Malaysia is migrating from the usage of SMS OTP. Is biometrics the answer?
- Bank Negara Malaysia has instructed financial institutions to stop using SMS OTP as a form of authentication for online activities or transactions.
- The central bank urges financial institutions to adopt more secure authentication methods to curb financial scams.
Bank scams are not a new phenomena — the world has been grappling with it for years, but the pandemic has definitely led to an explosion in such crimes. In Malaysia, one-time password (OTP) theft particularly has been on the rise, and to fight that, the country’s central bank, Bank Negara Malaysia (BNM), is urging financial institutions to ditch SMS OTP altogether, for a more secure authentication method.
To put into context how severe SMS OTP scams are, cybersecurity experts have warned that scammers have new tools in their arsenal that can get around bank security systems. In particular, Cybersecurity service provider LGMS Berhad chairman Fong Choong Fook told local media theSun that “New versions of software are now able to read one-time passwords and they can even delete the SMS sent by banks, leading (victims) to believe they were not given any notification before fund transfers.”
To curb the ongoing issues that have impacted many, BNM in a series of tweets, announced measures for financial institutions to take “to further strengthen safeguards against financial scams’ ‘, including moving away from SMS OTP, a two-factor authentication that was once deemed safe. The SMS OTP is often used for account opening, fund transfers, and payments—as well as changes to personal information and account settings.
The upside is that major local banks like Maybank and CIMB have already started this process of migrating to more secure forms of authentication, but users are still able to use the SMS OTP method in certain circumstances. In Malaysia, SMS OTP/TAC scam has fleeced Malaysians of almost RM15 million in 2018 alone.
“We have been and will continue to step up efforts to combat financial scams, and in doing so collaborate with other stakeholders. These include rolling out preventive measures, pursuing more effective and coordinated enforcement actions, and raising public awareness,” said the central bank governor Nor Shamsiah Mohd Yunus said separately during the launch of the Financial Crime Exhibition.
BNM also instructed financial institutions to “further tighten fraud detection rules and triggers for blocking suspected scam transactions”. Which means, customers should be immediately alerted when an activity involving their banking accounts is detected and as an additional measure, financial institutions will need to block transactions, and customers will need to be asked to confirm if the transactions are genuine before they are unblocked.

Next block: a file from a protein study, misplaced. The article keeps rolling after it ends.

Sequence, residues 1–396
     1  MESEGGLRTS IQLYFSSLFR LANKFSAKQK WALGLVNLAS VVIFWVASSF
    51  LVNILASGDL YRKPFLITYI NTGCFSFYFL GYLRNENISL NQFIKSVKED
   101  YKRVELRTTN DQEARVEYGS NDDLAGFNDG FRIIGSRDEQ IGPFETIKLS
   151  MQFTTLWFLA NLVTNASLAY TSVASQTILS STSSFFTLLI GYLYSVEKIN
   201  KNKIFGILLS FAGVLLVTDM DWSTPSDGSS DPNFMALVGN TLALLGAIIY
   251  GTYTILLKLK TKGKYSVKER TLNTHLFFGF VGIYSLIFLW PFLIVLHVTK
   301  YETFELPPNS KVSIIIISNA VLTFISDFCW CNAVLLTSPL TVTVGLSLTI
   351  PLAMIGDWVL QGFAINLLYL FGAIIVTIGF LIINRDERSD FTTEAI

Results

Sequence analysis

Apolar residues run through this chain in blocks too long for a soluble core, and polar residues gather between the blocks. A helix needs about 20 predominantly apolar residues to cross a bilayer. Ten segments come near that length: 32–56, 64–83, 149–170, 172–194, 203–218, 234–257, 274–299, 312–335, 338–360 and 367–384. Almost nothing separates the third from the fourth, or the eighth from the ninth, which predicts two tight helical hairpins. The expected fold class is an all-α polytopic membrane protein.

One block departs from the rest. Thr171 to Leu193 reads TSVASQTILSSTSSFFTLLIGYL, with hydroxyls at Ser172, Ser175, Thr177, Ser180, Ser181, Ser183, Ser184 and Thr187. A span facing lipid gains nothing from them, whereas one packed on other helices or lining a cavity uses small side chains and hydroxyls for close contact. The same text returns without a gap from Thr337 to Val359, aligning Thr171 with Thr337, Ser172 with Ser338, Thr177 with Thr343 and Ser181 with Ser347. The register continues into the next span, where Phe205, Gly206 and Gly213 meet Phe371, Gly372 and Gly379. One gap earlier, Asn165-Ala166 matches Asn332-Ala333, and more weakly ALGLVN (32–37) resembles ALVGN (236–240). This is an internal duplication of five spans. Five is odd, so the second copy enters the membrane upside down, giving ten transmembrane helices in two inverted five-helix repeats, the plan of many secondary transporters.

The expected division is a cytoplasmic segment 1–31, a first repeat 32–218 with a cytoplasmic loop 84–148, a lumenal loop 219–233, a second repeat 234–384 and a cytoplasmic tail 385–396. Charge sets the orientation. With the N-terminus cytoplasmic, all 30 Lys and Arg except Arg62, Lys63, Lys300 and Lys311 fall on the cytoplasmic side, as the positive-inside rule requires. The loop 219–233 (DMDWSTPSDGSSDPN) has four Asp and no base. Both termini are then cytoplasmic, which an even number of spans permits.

Another measure includes restricting customers to only one mobile or device for the authentication of online banking transactions. There will also be a cooling-off period for first-time enrolments of online banking services or devices. During this time, no online banking activity is allowed to be conducted.
As it is the case with many countries, Malaysia too saw a drastic increase of online scams over the last two years during the pandemic. According to the Royal Malaysia Police’s (PDRM) commercial crimes investigation department (CCID), a total of 71,833 scams, amounting to more than RM5.2 billion losses was reported between 2020 and May 2022.
Earlier this year, the Monetary Authority of Singapore (MAS) also requested banks to move away from SMS OTPs and shift towards the use of mobile banking apps to authenticate customers, authorize transactions and send alerts to customers as part of a multi-pronged effort to thwart scams. The move will make it harder for scammers to abuse the apps if the technology is implemented well.
Singapore is implementing these changes following the OCBC Bank phishing scams. MAS and the banks may also introduce additional customer confirmation requirements, and not just notifications, for significant changes to customers’ accounts or high-risk transactions.